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Jane Austen's Happy Endings
Over at Shalee is serving up Jane Austen over at her diner. She just read The Lost Memoirs of Jane Austen, and she loved it, and she thinks you will, too.

She says:

[It] is written from Jane Austen's perspective in the form of one of her undiscovered journals. It brings Austen to life through the use of past letters, known details and possible experiences that may have inspired her books.

James does an incredible job of making the book sound as if it were straight from the mind of Austen, while in no way making herself out to be Jane Austen the writer. James captures all that is best and true about Jane Austen. She satisfies on every score...except that perhaps of a happily ever after, for everyone knows that Austen never married. Even the hardest of readers will be caught and enchanted and praying for an ending that will not come.

Last week my husband and I watched the movie The Jane Austen Book Club, and I was pleasantly surprised. Basically five women and one guy get together to read each of Austen's novels. Meanwhile, their lives are all messed up, and they have to make some decisions of the heart themselves.

It's not a Christian movie, and there is a homosexual story line which is, in my opinion, completely unnecessary. It does nothing to advance the plot and was obviously put in there just to be politically correct. It's the other characters that are more interesting.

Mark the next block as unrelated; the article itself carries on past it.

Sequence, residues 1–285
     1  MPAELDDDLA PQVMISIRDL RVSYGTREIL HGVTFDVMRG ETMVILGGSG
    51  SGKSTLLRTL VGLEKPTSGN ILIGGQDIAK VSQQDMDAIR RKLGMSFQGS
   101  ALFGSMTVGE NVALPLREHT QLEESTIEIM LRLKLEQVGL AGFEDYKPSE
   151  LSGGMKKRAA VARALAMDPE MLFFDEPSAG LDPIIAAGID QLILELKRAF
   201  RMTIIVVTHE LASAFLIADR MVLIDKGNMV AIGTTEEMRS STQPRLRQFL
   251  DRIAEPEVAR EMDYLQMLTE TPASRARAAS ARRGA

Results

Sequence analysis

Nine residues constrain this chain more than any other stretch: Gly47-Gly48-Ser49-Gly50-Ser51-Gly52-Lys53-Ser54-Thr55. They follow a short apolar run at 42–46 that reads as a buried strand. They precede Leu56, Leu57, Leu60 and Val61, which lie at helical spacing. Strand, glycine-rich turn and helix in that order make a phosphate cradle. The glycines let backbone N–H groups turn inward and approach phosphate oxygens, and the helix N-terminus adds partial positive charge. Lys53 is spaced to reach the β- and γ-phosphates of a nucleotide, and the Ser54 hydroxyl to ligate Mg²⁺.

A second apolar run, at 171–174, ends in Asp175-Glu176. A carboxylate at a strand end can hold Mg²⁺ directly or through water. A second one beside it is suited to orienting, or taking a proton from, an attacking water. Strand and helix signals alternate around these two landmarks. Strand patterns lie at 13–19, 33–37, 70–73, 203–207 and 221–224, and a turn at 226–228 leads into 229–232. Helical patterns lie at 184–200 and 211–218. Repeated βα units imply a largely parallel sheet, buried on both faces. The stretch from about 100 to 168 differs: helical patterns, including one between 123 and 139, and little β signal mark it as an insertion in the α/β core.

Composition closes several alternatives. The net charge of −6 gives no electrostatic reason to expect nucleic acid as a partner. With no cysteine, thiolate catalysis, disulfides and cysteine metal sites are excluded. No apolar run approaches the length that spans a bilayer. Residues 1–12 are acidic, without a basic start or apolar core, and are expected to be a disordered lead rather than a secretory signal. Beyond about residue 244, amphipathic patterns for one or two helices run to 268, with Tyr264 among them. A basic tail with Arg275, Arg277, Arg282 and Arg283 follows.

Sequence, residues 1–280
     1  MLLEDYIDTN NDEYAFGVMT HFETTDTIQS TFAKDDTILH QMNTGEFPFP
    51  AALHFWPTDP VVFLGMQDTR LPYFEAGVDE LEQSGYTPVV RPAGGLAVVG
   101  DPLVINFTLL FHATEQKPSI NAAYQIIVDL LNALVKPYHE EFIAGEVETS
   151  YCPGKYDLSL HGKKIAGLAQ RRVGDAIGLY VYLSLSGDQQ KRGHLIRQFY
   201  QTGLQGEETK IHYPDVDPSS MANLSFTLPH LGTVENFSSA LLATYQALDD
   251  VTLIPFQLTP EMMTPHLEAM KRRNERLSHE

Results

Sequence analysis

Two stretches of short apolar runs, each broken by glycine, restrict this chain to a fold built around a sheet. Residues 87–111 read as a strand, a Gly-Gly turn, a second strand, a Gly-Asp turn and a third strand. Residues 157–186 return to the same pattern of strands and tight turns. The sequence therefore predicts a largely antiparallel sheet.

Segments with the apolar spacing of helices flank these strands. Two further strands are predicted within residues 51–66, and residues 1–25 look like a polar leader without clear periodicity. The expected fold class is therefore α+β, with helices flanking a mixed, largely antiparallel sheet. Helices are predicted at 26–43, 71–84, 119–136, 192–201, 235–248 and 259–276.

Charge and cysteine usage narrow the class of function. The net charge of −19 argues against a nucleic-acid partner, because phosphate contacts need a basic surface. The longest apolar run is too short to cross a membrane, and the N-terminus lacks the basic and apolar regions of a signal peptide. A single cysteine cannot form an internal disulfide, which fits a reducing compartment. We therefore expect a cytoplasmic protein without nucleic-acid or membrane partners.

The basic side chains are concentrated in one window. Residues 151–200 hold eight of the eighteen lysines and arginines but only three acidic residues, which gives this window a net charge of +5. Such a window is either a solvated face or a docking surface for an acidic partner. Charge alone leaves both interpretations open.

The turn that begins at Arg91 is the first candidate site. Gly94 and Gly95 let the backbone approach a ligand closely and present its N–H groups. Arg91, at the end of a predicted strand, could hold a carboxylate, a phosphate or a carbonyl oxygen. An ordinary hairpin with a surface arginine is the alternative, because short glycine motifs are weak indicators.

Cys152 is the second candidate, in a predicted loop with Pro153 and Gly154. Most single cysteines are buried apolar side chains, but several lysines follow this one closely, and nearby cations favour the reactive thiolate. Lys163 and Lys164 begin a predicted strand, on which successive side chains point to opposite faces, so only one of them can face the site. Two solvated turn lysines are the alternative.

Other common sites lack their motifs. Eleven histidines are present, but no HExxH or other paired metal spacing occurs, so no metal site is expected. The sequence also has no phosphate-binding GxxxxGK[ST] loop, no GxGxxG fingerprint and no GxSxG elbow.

But here's what I liked. All of them were tempted to do things which would have messed up their lives even more--have affairs, never fall in love, divorce. And in the end, they all made the right decisions because that's what "Jane would have done". Stability, honour, dignity, love, were all things which were intrinsic to her writings. Giving in to temporary passions was an anathema to Austen, and in turn each of the women realizes it.

Now, here's what I really wanted to comment on. At the end of the movie one of the women whose marriage ends up saved is obviously pregnant. They don't comment on it, but it's clear she is.

Austen doesn't talk about babies. All her books end in weddings. She didn't know much about what happened after that, since she never married herself, and weddings were what she dreamed of. But in her brief epilogues it is clear that her characters did reproduce. Indeed, how could they not? That's part of the stability that Austen was aiming for: not marriage to live out one's passions, but marriage to be fulfilling, right, and stable. Stable for everyone--for the married couple; the extended family; the society as a whole.

And that's why to Austen I believe children are inseparable from marriage. They go hand in hand. This leads stability to our society.

That's what we're losing in the gay marriage debate. In my own country, in Canada, we've had gay marriage for a number of years now and I don't think it's going away. In the States, you have gay marriage in pockets, most recently in California. But here's the problem with it, as Frank Turek writes in his Townhall column,